What we’re reading: Shooting, suspensions and firings

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We’re back and we’re reading – everything from the “Washington Post” to the “CBS News.” We’re trying to help you keep up with the rapid pace of politics and policy. Today we’ve got news on a shooting in California, Jim Acosta, Jeff Sessions and more.

California shooting

A gunman opened fire Wednesday night at a bar in Thousand Oaks, California.

The shooter opened fire at the Borderline Bar & Grill during a packed college night, killing at least 12 and injuring 21 more. Among the killed is a sheriff’s deputy of Ventura County, who died at a local hospital after being injured by the gunfire.

Police said the suspect, identified at 28-year-old Ian David Long, is dead.

There are around 20 to 25 people reported to be waiting to hear from loved ones who were at the bar at the time of the shooting.

President Trump has been briefed on the shooting and took to Twitter to thank law enforcement and share his thoughts.

Acosta suspended

Jim Acosta, CNN’s chief White House correspondent’s press pass was suspended Wednesday.

Acosta tweeted Wednesday night “I’ve just been denied entrance to the WH. Secret Service just informed me I cannot enter the WH grounds for my 8pm hit.”

Sarah Sanders, White House press secretary, confirmed his suspension stating that the suspension stemmed from his interaction with a White House intern. According to Sanders, Acosta placed “his hands on a young woman just trying to do her job…” as he was in a heated debate with President Trump.

CNN said in a statement Wednesday night Sanders “lied” in her explanation of the press pass suspension.

“You’re fired.”

Attorney General Jeff Sessions submitted his resignation Wednesday at the request of President Trump.

Sessions’ resignation came only a day after the midterms, where the Republicans held onto control of the Senate.

Trump’s distaste for Sessions, who was one of Trump’s earliest and most loyal supporters, was well known. The President mocked the attorney general on many occasions.

Matthew Whitaker, Sessions’ Chief of Staff, will take over as acting attorney general. He will take charge of the Russian investigation and the special counsel Robert Mueller.

Immigration Directive

President Trump will sign a directive this week that will revamp the asylum system here in the United States.

This directive will require asylum seekers to make a claim for asylum at a point of entry on the border. Currently, migrants can enter the U.S. and have up to a year to request asylum.

The Trump administration feels this change will use resources better and create a safer and more orderly process.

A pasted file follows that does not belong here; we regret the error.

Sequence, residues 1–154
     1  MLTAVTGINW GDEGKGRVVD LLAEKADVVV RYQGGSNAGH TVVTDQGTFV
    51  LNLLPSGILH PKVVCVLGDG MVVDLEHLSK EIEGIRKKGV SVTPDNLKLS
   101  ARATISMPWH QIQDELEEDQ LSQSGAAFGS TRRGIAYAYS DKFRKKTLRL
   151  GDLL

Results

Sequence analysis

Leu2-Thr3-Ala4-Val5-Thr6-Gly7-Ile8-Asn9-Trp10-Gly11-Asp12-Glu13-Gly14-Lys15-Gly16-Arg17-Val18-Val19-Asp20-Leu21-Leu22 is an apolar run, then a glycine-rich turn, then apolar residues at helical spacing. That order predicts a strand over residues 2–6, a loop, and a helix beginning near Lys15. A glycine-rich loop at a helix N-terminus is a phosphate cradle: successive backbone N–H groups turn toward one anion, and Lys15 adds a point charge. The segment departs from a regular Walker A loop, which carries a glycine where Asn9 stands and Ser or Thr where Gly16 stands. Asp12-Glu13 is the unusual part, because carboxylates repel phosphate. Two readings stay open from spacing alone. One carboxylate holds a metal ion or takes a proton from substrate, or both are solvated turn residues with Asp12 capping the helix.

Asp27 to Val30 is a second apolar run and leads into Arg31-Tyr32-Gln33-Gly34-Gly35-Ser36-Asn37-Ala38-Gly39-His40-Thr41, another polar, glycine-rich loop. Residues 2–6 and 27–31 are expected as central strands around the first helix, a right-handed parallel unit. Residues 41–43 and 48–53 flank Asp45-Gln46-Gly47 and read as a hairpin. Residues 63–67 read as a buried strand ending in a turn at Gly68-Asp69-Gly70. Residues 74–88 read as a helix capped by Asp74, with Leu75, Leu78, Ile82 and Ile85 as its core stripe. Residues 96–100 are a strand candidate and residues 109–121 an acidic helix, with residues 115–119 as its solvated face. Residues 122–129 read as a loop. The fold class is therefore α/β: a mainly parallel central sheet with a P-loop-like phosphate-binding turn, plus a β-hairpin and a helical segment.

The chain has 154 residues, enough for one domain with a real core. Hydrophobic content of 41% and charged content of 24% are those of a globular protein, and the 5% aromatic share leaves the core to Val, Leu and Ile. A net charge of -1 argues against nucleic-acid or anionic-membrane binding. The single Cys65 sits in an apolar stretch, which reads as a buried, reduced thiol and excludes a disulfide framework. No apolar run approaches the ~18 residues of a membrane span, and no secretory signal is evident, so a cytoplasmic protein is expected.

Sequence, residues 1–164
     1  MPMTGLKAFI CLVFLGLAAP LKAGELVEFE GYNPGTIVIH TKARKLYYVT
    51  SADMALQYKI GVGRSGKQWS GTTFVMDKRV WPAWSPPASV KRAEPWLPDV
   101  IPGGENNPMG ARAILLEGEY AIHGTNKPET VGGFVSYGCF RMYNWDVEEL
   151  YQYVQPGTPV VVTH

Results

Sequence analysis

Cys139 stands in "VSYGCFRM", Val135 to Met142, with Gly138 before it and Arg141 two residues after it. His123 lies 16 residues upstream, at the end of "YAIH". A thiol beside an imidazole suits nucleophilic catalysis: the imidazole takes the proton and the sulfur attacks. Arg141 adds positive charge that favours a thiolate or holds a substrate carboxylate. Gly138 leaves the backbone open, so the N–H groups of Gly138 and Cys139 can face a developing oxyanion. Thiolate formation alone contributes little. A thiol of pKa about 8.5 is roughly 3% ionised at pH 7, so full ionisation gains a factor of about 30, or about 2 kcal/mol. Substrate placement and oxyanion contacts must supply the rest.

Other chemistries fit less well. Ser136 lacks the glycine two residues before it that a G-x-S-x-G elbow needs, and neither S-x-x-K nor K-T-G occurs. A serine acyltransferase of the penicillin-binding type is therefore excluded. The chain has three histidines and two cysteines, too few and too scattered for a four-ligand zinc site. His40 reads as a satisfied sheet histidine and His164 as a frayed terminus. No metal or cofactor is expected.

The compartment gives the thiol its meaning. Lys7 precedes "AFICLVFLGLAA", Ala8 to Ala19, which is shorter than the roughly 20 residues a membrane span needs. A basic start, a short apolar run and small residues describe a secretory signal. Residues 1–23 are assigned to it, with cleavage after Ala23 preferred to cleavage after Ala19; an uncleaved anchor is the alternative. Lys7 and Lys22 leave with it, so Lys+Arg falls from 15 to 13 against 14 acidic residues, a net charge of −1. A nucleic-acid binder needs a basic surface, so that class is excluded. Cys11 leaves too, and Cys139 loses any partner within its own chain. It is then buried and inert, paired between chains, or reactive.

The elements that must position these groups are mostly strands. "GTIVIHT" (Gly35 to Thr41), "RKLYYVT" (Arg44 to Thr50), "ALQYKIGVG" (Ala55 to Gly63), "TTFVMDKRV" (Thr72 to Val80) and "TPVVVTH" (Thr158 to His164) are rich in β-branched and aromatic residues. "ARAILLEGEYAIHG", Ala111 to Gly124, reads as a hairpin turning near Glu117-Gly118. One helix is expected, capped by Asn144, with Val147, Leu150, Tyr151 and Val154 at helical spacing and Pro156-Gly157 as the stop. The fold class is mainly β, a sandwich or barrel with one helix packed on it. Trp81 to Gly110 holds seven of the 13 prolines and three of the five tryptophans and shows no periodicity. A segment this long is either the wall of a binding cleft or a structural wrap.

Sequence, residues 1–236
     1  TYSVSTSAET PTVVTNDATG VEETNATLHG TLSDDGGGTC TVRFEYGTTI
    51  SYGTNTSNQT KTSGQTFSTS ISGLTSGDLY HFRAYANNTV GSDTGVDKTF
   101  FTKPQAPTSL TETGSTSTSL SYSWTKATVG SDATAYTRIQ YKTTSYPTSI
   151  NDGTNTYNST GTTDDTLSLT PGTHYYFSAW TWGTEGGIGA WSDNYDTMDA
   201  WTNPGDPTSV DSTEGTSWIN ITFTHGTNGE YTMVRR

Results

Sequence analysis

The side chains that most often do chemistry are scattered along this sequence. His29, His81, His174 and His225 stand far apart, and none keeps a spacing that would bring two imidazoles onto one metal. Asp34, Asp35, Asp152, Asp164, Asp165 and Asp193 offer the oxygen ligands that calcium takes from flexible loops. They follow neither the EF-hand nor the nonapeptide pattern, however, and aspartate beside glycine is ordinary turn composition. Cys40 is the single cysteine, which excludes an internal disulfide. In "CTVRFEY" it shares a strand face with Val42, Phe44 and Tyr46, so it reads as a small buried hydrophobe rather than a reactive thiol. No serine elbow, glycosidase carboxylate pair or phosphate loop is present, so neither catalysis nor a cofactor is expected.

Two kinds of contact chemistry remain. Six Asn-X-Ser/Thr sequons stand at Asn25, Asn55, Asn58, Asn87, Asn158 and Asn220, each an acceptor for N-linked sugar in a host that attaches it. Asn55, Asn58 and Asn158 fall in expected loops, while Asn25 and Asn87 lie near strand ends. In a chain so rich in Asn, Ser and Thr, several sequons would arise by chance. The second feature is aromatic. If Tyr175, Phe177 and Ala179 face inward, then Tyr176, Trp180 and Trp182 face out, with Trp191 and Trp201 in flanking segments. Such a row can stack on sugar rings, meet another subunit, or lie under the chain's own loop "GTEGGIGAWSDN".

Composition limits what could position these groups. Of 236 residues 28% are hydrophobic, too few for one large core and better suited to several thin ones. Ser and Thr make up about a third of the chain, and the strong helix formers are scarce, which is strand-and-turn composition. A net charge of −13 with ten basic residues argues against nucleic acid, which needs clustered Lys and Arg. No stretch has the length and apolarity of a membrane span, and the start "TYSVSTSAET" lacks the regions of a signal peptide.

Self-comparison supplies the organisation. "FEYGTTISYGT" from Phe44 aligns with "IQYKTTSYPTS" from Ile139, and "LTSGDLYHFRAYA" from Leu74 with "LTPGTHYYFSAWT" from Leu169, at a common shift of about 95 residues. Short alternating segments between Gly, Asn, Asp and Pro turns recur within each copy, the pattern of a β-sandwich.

According to administration officials, President Trump is expected to sign this directive Friday, before leaving for Paris.

Recount

Florida Democrat Sen. Bill Nelson called for a recount Wednesday in the race for his re-election against Republican Gov. Rick Scott.

The incumbent in a statement said Scott declared victory prematurely.

An automatic recount is triggered in Florida when the final margin is less than 0.5 percent. According to The New York Times, Scott leads by 0.4 percent with 100 percent of the precincts reporting.

The vote count will not be finalized until Saturday at noon.

Georgia’s governor race

Republican Brian Kemp declared victory Wednesday in Georgia’s governor race. However, election officials are continuing to count absentee and provisional ballots, which narrow Kemp’s lead over Democrat Stacey Abrams.

Abrams is confident she could have the votes to force a runoff election between the two candidates.

Various voting rights advocates accused Kemp and various local officials of disenfranchising thousands of voters on Tuesday. There were hundreds of complaints about long lines, broken equipment and a shortage of voting machines.

As of Wednesday evening, Kemp was head with 50.3 percent of the vote compared to Abram’s 48.7 percent. This means Abrams and the Libertarian candidate would need to receive at least 25,000 votes more than Kemp to bring his percentage of the vote to below 50 percent and trigger a runoff.

Conway defends President Trump

Kellyanne Conway, the White House counselor, defended President Trump Wednesday for calling a black reporter’s question “racist”.

The reporter asked President Trump during his post-midterm news conference about his self-professed nationalism.

Conway said on “PBS NewsHour” Wednesday night that “there’s a difference between nationalism and white nationalism.”

Trump has fully embraced the word “nationalist” during these last few weeks, especially when he declared to a crowd in Houston last month, “You know what I am? I’m a nationalist.”

That’s all we have for today. Check back tomorrow for more.